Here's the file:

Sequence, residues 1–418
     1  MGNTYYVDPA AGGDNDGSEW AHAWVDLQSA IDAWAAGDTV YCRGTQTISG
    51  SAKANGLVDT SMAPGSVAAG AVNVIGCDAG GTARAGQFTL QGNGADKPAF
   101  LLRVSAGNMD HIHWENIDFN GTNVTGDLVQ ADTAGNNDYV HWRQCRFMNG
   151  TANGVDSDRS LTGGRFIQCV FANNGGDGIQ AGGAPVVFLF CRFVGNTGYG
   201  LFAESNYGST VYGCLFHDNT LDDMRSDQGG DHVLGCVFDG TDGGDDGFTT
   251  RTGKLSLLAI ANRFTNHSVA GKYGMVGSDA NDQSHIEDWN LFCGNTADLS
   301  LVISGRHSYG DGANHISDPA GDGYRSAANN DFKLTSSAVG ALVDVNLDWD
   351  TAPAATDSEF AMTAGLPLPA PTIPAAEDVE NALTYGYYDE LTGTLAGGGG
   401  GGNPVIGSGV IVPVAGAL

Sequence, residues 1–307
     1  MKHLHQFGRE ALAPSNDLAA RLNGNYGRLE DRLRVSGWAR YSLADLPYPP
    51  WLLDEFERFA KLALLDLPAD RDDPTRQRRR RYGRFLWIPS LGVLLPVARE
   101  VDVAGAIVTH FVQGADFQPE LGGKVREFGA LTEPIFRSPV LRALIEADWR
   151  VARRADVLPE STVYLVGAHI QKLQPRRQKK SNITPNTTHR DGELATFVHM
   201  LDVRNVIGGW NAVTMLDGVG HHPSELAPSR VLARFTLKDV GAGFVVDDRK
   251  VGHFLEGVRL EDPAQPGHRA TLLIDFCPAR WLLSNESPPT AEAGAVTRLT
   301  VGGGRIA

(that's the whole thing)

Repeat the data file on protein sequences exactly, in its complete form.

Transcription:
Sequence, residues 1–418
     1  MGNTYYVDPA AGGDNDGSEW AHAWVDLQSA IDAWAAGDTV YCRGTQTISG
    51  SAKANGLVDT SMAPGSVAAG AVNVIGCDAG GTARAGQFTL QGNGADKPAF
   101  LLRVSAGNMD HIHWENIDFN GTNVTGDLVQ ADTAGNNDYV HWRQCRFMNG
   151  TANGVDSDRS LTGGRFIQCV FANNGGDGIQ AGGAPVVFLF CRFVGNTGYG
   201  LFAESNYGST VYGCLFHDNT LDDMRSDQGG DHVLGCVFDG TDGGDDGFTT
   251  RTGKLSLLAI ANRFTNHSVA GKYGMVGSDA NDQSHIEDWN LFCGNTADLS
   301  LVISGRHSYG DGANHISDPA GDGYRSAANN DFKLTSSAVG ALVDVNLDWD
   351  TAPAATDSEF AMTAGLPLPA PTIPAAEDVE NALTYGYYDE LTGTLAGGGG
   401  GGNPVIGSGV IVPVAGAL

Sequence, residues 1–307
     1  MKHLHQFGRE ALAPSNDLAA RLNGNYGRLE DRLRVSGWAR YSLADLPYPP
    51  WLLDEFERFA KLALLDLPAD RDDPTRQRRR RYGRFLWIPS LGVLLPVARE
   101  VDVAGAIVTH FVQGADFQPE LGGKVREFGA LTEPIFRSPV LRALIEADWR
   151  VARRADVLPE STVYLVGAHI QKLQPRRQKK SNITPNTTHR DGELATFVHM
   201  LDVRNVIGGW NAVTMLDGVG HHPSELAPSR VLARFTLKDV GAGFVVDDRK
   251  VGHFLEGVRL EDPAQPGHRA TLLIDFCPAR WLLSNESPPT AEAGAVTRLT
   301  VGGGRIA